Wilder felt that creating the altar was a way of expressing her feelings to those that had passed.
“[It] was just a way that I could personally express myself, saying how sorry I am, how really I do appreciate them even though their stories are tragic. … I do appreciate who they are and what they have done for our community, because although they passed, they haven’t been forgotten,” Wilder said. “And their stories and their lives have allowed a lot of people to see injustices that are present.”
Holdren also said that the altar had an effect on her personally as well.
“The part that impacted me the most was [the] interactive piece we added to our altar,” she said. “We left a stack of sticky notes for people to write on. Readings of the notes and seeing people’s messages really helped me realize that our decision to make our altar include Black Lives Matter was important. It helped create dialogue and help[ed] people relate it to their own lives and the people they have lost.”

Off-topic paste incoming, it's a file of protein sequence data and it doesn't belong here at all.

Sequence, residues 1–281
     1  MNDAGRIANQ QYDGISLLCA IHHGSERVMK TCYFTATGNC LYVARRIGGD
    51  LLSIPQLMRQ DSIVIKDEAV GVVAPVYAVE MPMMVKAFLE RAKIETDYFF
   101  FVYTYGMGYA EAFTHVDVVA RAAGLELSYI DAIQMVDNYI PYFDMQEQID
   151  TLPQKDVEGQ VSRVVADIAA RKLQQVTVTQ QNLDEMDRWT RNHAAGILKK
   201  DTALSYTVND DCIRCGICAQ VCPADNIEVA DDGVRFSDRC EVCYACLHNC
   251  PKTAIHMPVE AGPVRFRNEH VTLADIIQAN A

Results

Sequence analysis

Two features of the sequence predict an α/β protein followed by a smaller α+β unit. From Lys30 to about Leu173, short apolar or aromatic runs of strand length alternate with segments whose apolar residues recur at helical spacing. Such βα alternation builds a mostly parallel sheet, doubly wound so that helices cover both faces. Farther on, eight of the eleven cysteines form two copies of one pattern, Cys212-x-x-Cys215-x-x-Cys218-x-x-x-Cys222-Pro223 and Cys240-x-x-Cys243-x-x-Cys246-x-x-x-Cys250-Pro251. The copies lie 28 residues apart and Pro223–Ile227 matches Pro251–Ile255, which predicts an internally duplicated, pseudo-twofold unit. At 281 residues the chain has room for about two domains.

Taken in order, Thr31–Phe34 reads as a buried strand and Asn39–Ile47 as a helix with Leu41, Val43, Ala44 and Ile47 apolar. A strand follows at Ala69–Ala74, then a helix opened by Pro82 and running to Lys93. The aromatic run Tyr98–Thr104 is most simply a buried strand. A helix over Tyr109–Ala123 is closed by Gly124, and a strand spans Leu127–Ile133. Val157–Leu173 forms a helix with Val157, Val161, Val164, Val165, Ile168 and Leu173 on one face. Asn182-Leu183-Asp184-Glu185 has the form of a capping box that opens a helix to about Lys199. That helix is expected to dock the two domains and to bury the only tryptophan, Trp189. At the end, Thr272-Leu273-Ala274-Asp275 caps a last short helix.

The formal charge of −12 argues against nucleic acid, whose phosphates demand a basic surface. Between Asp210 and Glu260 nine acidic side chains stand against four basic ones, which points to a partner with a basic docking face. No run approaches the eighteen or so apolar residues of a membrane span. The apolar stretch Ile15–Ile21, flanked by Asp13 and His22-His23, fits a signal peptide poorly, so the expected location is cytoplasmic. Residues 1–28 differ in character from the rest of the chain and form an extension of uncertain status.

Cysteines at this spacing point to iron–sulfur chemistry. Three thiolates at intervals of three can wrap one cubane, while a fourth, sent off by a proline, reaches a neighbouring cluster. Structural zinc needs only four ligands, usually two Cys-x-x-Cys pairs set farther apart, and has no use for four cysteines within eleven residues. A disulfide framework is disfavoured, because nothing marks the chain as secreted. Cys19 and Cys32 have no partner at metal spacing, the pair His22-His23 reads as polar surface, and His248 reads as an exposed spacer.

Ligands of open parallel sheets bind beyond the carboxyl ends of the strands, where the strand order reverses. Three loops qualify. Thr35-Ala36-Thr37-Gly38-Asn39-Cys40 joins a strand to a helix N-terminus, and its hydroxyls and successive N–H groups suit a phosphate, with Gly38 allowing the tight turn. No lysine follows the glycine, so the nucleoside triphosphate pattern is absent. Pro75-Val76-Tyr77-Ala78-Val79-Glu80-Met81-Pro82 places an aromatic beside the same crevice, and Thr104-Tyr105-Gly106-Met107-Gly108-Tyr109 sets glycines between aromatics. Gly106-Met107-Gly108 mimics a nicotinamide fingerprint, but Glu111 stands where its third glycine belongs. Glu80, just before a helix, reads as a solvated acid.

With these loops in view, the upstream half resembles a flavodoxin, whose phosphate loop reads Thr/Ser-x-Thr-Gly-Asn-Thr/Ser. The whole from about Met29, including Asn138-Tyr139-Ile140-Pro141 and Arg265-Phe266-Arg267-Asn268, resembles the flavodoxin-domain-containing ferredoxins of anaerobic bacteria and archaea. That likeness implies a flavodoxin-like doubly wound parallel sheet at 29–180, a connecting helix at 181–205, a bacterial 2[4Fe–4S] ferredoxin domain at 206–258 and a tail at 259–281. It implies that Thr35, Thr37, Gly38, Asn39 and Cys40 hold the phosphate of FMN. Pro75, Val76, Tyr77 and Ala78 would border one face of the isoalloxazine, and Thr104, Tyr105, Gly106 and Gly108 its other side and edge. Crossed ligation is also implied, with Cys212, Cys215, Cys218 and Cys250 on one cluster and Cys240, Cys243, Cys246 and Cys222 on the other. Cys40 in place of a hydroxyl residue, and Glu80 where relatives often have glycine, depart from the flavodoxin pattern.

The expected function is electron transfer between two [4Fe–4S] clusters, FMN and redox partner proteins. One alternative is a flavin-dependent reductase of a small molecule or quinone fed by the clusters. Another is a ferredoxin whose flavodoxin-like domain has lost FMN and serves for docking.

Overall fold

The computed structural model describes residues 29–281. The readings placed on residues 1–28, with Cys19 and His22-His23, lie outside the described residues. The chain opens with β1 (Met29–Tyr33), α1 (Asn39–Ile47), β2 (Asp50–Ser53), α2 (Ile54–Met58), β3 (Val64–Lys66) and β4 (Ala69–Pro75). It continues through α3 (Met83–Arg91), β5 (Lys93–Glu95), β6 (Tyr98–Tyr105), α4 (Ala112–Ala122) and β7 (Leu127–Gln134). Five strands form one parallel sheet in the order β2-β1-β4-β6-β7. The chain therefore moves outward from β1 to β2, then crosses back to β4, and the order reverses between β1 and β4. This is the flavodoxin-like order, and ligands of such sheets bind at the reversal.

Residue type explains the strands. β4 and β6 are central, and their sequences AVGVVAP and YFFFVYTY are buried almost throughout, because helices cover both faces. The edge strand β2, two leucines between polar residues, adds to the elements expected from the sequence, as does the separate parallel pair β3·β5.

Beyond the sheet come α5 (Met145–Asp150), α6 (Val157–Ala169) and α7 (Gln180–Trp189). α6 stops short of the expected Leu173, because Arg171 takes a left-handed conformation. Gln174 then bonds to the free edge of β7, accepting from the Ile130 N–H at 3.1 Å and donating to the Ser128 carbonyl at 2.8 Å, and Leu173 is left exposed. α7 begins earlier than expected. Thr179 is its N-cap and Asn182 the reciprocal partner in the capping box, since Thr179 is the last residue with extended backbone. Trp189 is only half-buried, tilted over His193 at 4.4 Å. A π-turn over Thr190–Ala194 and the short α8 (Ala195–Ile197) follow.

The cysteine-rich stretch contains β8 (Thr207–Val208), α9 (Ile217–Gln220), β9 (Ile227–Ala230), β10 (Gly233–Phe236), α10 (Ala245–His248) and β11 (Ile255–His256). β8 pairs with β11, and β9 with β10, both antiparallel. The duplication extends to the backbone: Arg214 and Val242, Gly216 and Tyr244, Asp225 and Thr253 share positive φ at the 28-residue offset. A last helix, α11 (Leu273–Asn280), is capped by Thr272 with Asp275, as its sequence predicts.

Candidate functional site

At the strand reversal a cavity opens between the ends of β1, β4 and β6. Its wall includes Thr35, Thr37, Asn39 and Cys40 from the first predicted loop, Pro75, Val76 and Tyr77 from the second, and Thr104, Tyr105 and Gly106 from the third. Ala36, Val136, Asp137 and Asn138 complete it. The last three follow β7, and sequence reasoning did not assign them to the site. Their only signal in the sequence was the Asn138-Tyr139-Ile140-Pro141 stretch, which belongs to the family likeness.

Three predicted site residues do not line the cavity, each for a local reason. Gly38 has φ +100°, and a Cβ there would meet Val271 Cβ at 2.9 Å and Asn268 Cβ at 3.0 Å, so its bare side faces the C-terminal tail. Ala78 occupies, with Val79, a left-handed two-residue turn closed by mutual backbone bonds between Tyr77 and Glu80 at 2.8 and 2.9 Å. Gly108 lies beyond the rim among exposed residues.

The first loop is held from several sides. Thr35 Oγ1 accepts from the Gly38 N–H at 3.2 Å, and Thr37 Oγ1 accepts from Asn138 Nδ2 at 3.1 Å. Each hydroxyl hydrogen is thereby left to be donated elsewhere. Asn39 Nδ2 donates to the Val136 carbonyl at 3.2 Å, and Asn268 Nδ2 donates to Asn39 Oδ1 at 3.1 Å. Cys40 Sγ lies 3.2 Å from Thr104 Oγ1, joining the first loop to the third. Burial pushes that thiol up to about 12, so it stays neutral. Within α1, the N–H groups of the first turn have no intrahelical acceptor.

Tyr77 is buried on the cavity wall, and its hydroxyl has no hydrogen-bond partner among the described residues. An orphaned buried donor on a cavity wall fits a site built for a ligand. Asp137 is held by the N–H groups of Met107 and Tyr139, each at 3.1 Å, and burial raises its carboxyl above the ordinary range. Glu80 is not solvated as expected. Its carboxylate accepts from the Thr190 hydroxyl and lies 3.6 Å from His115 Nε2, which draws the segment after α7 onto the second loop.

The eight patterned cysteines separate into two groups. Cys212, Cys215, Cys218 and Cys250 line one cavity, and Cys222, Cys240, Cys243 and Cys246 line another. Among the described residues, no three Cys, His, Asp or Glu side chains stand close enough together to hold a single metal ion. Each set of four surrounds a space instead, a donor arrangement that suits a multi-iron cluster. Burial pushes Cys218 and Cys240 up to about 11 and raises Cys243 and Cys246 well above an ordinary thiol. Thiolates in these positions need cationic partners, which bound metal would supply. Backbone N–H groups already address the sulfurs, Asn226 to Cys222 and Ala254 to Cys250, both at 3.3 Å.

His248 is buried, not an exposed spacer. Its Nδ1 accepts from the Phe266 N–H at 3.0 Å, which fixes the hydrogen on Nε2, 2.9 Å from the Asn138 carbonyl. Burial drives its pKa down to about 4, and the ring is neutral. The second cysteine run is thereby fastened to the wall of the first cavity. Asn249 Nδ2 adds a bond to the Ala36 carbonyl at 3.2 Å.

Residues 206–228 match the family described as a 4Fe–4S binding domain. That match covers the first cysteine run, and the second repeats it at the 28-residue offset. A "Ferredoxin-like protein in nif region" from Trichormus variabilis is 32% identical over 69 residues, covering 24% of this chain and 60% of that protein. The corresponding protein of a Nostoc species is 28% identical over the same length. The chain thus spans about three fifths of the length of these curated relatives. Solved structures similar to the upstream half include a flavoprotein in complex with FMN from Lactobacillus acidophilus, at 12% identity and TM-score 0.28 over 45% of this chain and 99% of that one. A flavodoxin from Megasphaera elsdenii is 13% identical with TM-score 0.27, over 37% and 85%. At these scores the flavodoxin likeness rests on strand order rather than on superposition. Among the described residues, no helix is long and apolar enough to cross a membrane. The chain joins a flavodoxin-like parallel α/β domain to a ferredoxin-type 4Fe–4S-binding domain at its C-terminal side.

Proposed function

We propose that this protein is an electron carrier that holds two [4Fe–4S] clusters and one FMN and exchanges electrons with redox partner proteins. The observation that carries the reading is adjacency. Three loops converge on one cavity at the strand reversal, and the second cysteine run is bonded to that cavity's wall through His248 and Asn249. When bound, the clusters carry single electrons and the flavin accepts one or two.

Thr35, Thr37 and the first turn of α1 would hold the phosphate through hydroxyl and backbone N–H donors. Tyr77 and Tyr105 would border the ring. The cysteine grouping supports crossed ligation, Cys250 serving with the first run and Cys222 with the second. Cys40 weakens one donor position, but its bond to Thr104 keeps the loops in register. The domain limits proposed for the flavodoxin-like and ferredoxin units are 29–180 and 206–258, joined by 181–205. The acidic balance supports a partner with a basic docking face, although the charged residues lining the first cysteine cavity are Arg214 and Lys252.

Iman said that despite the name, the “Day of the Dead” is not just about death and the sadness that comes when someone beloved has passed. He said it is about remembering the love that goes beyond death, between friends and family, and that it is about celebrating and having fun in life, too.
“[My favorite thing about Dia de los Muertos is] the celebration of life. And love never ends,” Iman said. “So you don’t see sadness. You see hope…. They are there, and they are still taking care of you.”
Wilder said that Dia de los Muertos is a holiday for being thankful for those who have passed away and for the time that they were in a person’s life.
“It’s to celebrate their lives, their accomplishments, and to be happy for them,” she said, “[and] to be happy that their life experience was a part of yours.”